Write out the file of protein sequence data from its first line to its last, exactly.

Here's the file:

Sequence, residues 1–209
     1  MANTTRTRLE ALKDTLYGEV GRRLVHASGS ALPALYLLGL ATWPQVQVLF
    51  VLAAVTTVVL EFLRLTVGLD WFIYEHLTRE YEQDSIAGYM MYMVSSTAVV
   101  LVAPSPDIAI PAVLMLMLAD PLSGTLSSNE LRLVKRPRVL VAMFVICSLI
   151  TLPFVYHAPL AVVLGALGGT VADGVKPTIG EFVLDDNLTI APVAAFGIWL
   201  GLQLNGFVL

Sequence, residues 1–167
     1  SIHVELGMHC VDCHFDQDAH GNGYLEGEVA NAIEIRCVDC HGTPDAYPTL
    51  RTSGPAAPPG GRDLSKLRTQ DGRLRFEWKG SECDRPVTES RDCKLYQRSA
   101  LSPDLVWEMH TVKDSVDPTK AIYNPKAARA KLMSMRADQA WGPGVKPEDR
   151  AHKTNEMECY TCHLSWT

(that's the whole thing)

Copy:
Sequence, residues 1–209
     1  MANTTRTRLE ALKDTLYGEV GRRLVHASGS ALPALYLLGL ATWPQVQVLF
    51  VLAAVTTVVL EFLRLTVGLD WFIYEHLTRE YEQDSIAGYM MYMVSSTAVV
   101  LVAPSPDIAI PAVLMLMLAD PLSGTLSSNE LRLVKRPRVL VAMFVICSLI
   151  TLPFVYHAPL AVVLGALGGT VADGVKPTIG EFVLDDNLTI APVAAFGIWL
   201  GLQLNGFVL

Sequence, residues 1–167
     1  SIHVELGMHC VDCHFDQDAH GNGYLEGEVA NAIEIRCVDC HGTPDAYPTL
    51  RTSGPAAPPG GRDLSKLRTQ DGRLRFEWKG SECDRPVTES RDCKLYQRSA
   101  LSPDLVWEMH TVKDSVDPTK AIYNPKAARA KLMSMRADQA WGPGVKPEDR
   151  AHKTNEMECY TCHLSWT